Waiting for answers as rare eye cancer cases in small NC town continue to grow

Studies are trying to understand why large numbers of a rare eye cancer have been reported in the small town of Huntersville.
Studies are trying to understand why large numbers of a rare eye cancer have been reported in the small town of Huntersville.

Reported cases of a rare eye cancer in Huntersville continue to rise as health experts hope to learn in the next few months more about what’s afflicting the small town north of Charlotte.

In April, when the town signed contracts for those studies, 12 cases of ocular melanoma were known. That number has now grown to 18, said Dr. Michael Brennan, a retired ophthalmologist from Burlington who’s helping coordinate the work.

The cases were diagnosed after 2000 in people who lived, worked or spent a substantial amount of time within a 15-mile radius of downtown Huntersville but outside Charlotte.

Brennan credits the growing numbers to the spread of social media and to including cases diagnosed in a wider window of time. “It supports the idea that having community awareness is probably a good thing,” he said.

Ocular melanoma is diagnosed in about 2,500 adults a year, or 5 to 7.5 new cases in 1 million people. Victims are most often men, and odds of getting it increase with age. In some cases, the disease may be fatal.

But nine of the first 12 victims identified in Huntersville were female, and six were younger than 30 when diagnosed. Three patients had attended Hopewell High. Four of the victims identified by April had died.

Even though Huntersville has doubled in population since 2000, to about 52,000, the number of cases is still more than would be expected, Brennan said. He’ll update town commissioners in July.

Studies, aided by a Charlotte cancer center, are underway to explore whether environmental exposures or genetic traits can explain some of the cases. And new patients keep appearing.

Among them is Steve Durant, 56, who lived in Mooresville for nearly a decade before moving to Murfreesboro, Tenn., in February.

Durant, a retail IT consultant, had been diagnosed with a nevus – a usually harmless growth similar to a freckle – in his left eye in 2010. A May 21 trip to LensCrafters for new glasses launched a sudden whirlwind of tests and treatment of the eye.

An optometrist spotted something that should be checked out. That led to more tests, followed by a melanoma diagnosis. On June 6, a retina surgeon implanted a small plate that delivered a concentrated radiation dose to the tumor.

While waiting for surgery, Durant for the first time had noticed some of the tell-tale symptoms of the condition, including black spots and cloudy vision. Surgery also temporarily hurt vision in the eye, but that’s improving.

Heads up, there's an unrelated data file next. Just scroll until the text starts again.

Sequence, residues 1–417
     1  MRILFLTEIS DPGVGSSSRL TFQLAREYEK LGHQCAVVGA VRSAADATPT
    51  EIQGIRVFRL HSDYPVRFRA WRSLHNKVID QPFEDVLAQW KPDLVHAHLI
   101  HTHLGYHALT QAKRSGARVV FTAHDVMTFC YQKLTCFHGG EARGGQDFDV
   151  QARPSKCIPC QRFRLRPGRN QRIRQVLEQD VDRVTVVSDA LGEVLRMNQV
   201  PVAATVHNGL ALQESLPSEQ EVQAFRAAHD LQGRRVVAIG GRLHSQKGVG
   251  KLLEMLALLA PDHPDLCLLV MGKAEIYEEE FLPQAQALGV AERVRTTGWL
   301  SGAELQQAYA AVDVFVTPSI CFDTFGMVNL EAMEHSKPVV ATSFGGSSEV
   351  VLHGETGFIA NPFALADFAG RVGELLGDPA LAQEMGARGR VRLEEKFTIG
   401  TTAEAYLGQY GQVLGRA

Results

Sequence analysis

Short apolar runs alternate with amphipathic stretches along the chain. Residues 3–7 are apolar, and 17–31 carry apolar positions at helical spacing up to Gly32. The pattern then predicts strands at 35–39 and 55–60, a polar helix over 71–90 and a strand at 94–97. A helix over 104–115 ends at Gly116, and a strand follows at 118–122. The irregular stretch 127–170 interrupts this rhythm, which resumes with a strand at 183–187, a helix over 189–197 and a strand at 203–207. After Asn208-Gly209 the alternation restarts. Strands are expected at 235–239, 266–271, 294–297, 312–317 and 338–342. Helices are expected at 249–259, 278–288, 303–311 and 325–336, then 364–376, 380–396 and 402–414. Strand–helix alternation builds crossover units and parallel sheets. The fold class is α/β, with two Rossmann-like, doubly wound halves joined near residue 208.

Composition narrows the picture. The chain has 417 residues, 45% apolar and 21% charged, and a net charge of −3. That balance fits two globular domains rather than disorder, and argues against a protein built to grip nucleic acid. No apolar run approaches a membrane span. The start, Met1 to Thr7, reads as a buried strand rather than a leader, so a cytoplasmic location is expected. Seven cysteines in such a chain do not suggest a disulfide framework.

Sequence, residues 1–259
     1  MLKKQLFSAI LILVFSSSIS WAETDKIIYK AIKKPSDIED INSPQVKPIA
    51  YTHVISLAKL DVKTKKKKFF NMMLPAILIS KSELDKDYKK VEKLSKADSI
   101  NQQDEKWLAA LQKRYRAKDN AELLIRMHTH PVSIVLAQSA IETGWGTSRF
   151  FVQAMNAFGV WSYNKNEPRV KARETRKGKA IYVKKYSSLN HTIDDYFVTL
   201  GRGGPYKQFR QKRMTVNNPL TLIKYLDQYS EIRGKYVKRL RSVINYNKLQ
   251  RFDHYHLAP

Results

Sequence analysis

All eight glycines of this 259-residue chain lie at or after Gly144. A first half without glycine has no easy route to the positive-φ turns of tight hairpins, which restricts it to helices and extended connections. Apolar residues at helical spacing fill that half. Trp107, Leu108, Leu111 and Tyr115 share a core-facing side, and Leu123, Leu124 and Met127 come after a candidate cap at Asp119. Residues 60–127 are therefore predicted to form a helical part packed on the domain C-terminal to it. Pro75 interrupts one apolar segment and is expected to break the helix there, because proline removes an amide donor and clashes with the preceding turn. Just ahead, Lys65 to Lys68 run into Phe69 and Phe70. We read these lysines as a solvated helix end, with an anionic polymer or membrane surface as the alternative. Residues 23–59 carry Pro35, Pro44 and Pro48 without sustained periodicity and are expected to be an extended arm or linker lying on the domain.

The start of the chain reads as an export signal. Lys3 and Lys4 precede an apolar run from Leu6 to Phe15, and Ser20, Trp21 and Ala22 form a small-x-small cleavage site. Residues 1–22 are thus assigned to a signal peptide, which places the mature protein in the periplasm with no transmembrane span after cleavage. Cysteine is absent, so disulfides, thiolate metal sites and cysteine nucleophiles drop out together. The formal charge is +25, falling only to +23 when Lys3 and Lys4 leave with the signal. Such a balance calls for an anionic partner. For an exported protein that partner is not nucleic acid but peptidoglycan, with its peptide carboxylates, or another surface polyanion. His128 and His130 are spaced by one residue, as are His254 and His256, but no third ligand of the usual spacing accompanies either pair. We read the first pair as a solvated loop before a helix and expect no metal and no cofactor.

Doctors will continue to evaluate his eye. Durant worries that the cancer will spread to other parts of his body.

As he learned more about ocular melanoma, and the mystery of Huntersville, he thought back to his years in Mooresville and potential sources of his cancer: the power lines over the trail where he walked his dog; the nuclear power plant on Lake Norman; even the Doppler radar installation in Huntersville.

Finding a cause, he concluded, might be harder than finding a needle in a haystack. And it pales in comparison to what’s happening inside his own body.

“I’d rather have a cure than a conclusion,” Durant said. “To me, the bigger issue is the metastasis, if it gets out of the eye. That’s probably a bigger concern.”

Genetic tests

State health officials have said the number of cases of ocular melanoma isn’t unusually high for Huntersville or Mecklenburg County as a whole.

A 2015 state report said most of the victims that were then known had reported high exposure to ultraviolet light, such as through sunburns or tanning beds, which has been associated with the disease. Some health experts dispute the link to UV light.

In April, Huntersville commissioners dug deeper with a $100,000 grant from the state legislature. A consortium of medical experts – including Brennan and specialists from UNC, Duke University and Philadelphia – helps guide their work.

The town board approved a $14,600 contract with a Pennsylvania firm, Geodesy Inc., that will reconstruct the victims’ lives, by time and location, to seek common denominators that can then be compared to environmental factors. That work is expected to be finished in late summer or early fall.

A second contract, for up to $59,000, will pay for tissue tests at Columbia University Medical Center to assess why cells turned malignant.

Charlotte’s Levine Cancer Institute, meanwhile, is helping the Huntersville patients and their families learn whether they carry a hereditary predisposition to the cancer. Levine is part of the Carolinas HealthCare System.

In hour-long interviews, counselors take detailed family histories. Blood samples are then taken and sent for analysis – in the Huntersville cases, to a San Francisco lab, Invitae Corp., that specializes in genetic testing.

Levine offers genetic counseling free to patients, but in this case is saving those from Huntersville trips to Duke or to a Philadelphia hospital that treats many ocular melanoma cases.

Levine plans to see all the Huntersville patients who participate by Aug. 1, and hopes for results by the end of summer.

“This is the future of personalized medicine: identifying in an individual whether they have a marker mutation that predisposes them to it when their sibling didn’t get the gene and doesn’t have the cancer,” said Lisa Amacker North, a genetics counselor and operations director of Levine’s genetics department. “This is really where medicine is going.”

Bruce Henderson: 704-358-5051, @bhender